Skip to content

Let’s Eat: The dream keeps growing (7 photos)

Wild Thyme moves to new location on Cumberland Street.

There’s a new restaurant at 55 Cumberland Street.

Wild Thyme, “a dream come true” for chef Joe Fleury, started as a lunch spot in the Victoriaville Mall in 2019. The following year, they moved to the Hub Bazaar on Victoria Avenue East, a “retail business incubator” owned and operated by Lori Paras. The Hub Bazaar is a large space housing multiple vendors under its roof, most of them small and new businesses that can’t afford to splash out on an expensive retail space.

At the Hub Bazaar, Fleury and his partner Christina Lane worked hard to grow their business, cooking, packaging and delivering “heat and eat” meals across the city. After a while, though, the pair had a good problem on their hands - they were outgrowing the space.

“We had a little stove, a little fridge, and our meal plans were taking off. I needed space to store enough food,” head chef Fleury explains. “So we started looking for a bigger space, and this place became available.”

Fleury says it wasn’t his original plan to open up a proper dine-in restaurant (“I just wanted a walk-in cooler!”) but eventually he found new partners who wanted to be a part of making Wild Thyme succeed.

Maija Van Uden joined as co-owner, and Fleury’s brother and mother decided to join too, to focus on the dine-in aspect of the business.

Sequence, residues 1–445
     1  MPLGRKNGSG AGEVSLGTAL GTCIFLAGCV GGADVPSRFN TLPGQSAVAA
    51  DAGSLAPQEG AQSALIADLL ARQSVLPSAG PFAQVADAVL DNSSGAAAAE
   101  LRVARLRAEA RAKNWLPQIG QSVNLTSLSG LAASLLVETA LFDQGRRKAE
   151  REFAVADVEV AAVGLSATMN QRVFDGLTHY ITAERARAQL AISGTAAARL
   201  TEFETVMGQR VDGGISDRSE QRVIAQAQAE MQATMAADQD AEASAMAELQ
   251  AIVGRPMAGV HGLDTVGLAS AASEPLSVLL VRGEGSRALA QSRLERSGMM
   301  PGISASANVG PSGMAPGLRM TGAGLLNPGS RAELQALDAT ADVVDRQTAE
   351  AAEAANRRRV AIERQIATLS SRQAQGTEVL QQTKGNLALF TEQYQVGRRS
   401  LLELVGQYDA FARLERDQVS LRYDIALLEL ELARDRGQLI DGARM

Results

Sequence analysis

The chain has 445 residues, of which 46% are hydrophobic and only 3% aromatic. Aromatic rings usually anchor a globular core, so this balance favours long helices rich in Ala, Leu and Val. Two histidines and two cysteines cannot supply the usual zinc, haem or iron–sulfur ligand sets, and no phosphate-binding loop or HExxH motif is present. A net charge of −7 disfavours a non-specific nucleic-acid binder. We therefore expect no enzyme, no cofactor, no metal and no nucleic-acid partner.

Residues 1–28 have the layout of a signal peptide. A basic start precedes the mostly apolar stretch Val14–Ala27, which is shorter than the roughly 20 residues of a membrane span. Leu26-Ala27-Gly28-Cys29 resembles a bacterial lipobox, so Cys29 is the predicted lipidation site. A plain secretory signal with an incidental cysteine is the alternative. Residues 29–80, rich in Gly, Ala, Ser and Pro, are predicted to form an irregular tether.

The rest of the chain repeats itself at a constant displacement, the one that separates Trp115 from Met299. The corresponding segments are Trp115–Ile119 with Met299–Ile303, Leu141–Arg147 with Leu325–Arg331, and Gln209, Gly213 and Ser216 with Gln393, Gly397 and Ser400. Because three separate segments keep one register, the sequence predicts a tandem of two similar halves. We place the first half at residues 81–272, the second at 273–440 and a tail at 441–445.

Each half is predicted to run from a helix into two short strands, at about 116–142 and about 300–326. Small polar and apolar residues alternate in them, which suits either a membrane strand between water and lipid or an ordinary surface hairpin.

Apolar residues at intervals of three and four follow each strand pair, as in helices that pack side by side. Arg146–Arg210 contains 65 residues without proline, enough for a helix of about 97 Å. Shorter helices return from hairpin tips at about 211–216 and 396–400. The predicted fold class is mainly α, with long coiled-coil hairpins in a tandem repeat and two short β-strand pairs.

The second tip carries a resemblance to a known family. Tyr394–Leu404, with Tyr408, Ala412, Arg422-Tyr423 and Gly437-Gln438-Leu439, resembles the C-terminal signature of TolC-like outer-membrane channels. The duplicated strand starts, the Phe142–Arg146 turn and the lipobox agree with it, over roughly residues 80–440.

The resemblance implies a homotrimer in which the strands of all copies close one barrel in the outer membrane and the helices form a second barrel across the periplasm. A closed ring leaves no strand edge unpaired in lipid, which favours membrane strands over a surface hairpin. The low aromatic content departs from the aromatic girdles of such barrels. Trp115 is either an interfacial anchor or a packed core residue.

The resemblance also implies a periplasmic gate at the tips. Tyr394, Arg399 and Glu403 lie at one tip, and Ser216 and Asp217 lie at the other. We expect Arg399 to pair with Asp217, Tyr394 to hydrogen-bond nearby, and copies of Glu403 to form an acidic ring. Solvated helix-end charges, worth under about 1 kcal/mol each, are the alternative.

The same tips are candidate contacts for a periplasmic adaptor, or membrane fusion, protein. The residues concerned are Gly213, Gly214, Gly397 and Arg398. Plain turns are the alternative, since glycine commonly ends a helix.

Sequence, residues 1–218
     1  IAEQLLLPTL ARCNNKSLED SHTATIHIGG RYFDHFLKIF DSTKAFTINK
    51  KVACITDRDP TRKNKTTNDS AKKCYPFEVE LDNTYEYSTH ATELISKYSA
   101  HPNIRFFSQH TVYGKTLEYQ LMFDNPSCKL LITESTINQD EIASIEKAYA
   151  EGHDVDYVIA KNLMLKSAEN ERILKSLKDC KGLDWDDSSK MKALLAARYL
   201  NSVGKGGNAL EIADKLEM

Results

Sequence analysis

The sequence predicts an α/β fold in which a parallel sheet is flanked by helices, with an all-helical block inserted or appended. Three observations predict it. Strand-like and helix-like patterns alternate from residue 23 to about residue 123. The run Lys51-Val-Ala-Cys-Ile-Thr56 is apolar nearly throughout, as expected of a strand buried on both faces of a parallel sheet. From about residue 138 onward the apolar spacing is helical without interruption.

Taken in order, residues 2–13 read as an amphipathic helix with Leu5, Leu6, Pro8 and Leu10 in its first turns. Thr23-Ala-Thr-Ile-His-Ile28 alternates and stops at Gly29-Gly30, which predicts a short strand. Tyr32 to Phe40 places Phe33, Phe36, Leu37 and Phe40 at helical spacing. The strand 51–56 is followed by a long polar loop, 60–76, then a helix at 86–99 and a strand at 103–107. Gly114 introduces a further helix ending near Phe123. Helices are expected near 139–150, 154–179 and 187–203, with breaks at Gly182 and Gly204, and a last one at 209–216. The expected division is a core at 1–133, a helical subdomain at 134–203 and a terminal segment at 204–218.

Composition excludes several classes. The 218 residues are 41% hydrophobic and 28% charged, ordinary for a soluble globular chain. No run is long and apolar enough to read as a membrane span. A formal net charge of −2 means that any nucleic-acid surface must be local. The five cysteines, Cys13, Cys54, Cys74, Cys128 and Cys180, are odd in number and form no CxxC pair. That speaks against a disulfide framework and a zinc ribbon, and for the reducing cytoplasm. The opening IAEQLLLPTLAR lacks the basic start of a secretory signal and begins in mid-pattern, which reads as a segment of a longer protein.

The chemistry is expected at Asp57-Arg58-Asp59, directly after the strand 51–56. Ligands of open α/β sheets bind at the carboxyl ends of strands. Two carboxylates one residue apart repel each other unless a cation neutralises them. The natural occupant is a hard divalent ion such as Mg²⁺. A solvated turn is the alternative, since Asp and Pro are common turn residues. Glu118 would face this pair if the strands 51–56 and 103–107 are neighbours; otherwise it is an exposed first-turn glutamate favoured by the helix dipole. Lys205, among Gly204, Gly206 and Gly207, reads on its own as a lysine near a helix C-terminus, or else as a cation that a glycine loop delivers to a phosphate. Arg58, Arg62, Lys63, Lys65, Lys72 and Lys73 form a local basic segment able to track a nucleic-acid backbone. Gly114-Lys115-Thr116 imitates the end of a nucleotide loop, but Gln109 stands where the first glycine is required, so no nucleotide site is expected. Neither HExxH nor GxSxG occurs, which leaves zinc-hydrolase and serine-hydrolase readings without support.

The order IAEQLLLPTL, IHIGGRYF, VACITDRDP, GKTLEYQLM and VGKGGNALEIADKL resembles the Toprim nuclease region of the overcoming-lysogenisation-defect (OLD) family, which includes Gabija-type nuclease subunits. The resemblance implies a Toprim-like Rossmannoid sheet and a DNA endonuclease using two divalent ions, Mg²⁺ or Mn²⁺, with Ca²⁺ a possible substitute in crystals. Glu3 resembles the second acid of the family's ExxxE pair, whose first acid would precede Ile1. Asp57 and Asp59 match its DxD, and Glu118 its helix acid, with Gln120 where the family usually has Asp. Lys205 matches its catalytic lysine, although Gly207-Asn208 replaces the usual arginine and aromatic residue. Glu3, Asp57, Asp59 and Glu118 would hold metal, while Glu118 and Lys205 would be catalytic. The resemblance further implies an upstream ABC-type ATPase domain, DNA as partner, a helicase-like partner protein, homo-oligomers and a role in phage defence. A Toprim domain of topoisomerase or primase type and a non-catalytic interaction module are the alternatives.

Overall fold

Wild Thyme opened in its new location on Sept. 30, and is now open for breakfast, lunch and dinner. The new location also has a very large outdoor dining space, complete with an outdoor bar and gazebo. There are also a couple of private rooms available for events, and Van Uden says they will make the smaller room available for rent as a study room for students preparing for exams.

The menu is eclectic, just like Wild Thyme’s heat and eat meals, spanning everything from sandwiches and tacos to jambalaya. There is a bar, where customers can get craft beer and cocktails. Breakfast is available all day.

Although opening up the restaurant is exciting, Fleury is still focused on their heat and eat meals. “Maija and I are collaborating to really take our heat and eats to the next level,” he says. “Amping up portion sizes, and coming up with keto, gluten free, dairy free, lots of options for different people.”

The new space has ample storage space for fresh produce, Van Uden says, and the kitchen has professional equipment that can handle batch cooking better. “We were pulling off miracles in the old location,” Fleury laughs, “but now we have professional equipment!”

Currently, a lot of their heat and eat clientele are seniors, but Fleury and Van Uden want to accommodate more dietary restrictions so that busy younger professionals and students can eat healthier by using Wild Thyme’s meal plans.

“Everything that we possibly can, comes from local suppliers,” the head chef says. Wild Thyme gets a lot of their meat from the Maltese and European Meats, cheese from Thunder Oak Cheese Farm, and they use local fresh produce when in season. Many of their dishes also incorporate local food products, such as Heartbeat Hot Sauce and Shumka Dust.

Fleury and the team hope to do well over the holiday season, to help them through the leaner months after the New Year. “We can’t wait until spring, to open up our new patio,” he says. “Next year will be exciting!”

push icon
Be the first to read breaking stories. Enable push notifications on your device. Disable anytime.
No thanks